The criminal case against a former Morgan Stanley executive charged with stabbing a cab driver […]
Remember William Bryan Jennings? To recap, he’s the Morgan Stanley executive who last December had a cab take him home to Darien, Connecticut from Manhattan and, according to the driver, refused to pay the $200 fare and instead began threatening the guy with racial slurs before intentionally stabbing his hand with a pen knife. According to WBJ’s lawyer, the stabbing did happen but it was by accident and Jennings only pulled out the knife he had on him because he was “fearful for his safety” and “did not intend to hurt” the driver. The two parted ways around midnight, at which time Jennings went to bed and the cabbie called the police, who had trouble identifying WBJ until they got a lucky break with video footage from the deli on 10th Avenue he asked the driver to stop at for snacks on the way to CT. Anyway, Jennings, who was placed on leave from Morgan Stanley in March, was set to appear in court on Monday but then this happened:
Connecticut prosecutors will not pursue charges against a top Morgan Stanley banker accused of stabbing a cabby in a drunken, racist rage over a fare from Manhattan, the cabby’s lawyer said yesterday. The decision to let W. Bryan Jennings off the hook has left the cabby “outraged,” his lawyer said. Jennings, from the ritzy Gold Coast town of Darien, had originally been charged with assault, theft of service and intimidation based on race or bigotry after the December 2011 incident. But Hassan Ahmad, the lawyer for cabby Mohamed Ammar, said Stamford prosecutors have told him they’re dropping the case…Jennings’ lawyer would not comment, and the State’s Attorney’s Office in Stamford could not be reached.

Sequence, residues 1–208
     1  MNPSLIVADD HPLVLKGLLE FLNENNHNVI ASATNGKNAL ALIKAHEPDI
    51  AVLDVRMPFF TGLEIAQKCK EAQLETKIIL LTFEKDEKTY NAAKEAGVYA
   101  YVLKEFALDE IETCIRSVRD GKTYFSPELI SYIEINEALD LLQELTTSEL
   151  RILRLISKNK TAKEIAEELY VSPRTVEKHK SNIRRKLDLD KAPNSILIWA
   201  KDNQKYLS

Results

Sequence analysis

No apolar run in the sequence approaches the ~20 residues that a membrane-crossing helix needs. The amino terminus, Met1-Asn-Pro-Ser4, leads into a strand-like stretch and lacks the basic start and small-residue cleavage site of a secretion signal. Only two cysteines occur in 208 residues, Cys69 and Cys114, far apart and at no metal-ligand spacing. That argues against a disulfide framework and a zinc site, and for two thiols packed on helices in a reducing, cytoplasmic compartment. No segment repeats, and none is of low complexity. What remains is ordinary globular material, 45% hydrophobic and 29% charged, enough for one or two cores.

No word on whether or not there’s still a place for him at the House of Gorman.
The more frequently you monitor your portfolio, the more likely you are to observe a loss.
This is likely to cause short-sighted decisions and could hurt your investment performance.
If you are checking your portfolio more than once per quarter, you’re doing it too much.
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Dan Egan, Betterment Director of Behavioral Finance and Investing
[via DM] *Sources familiar with the rumble, etc.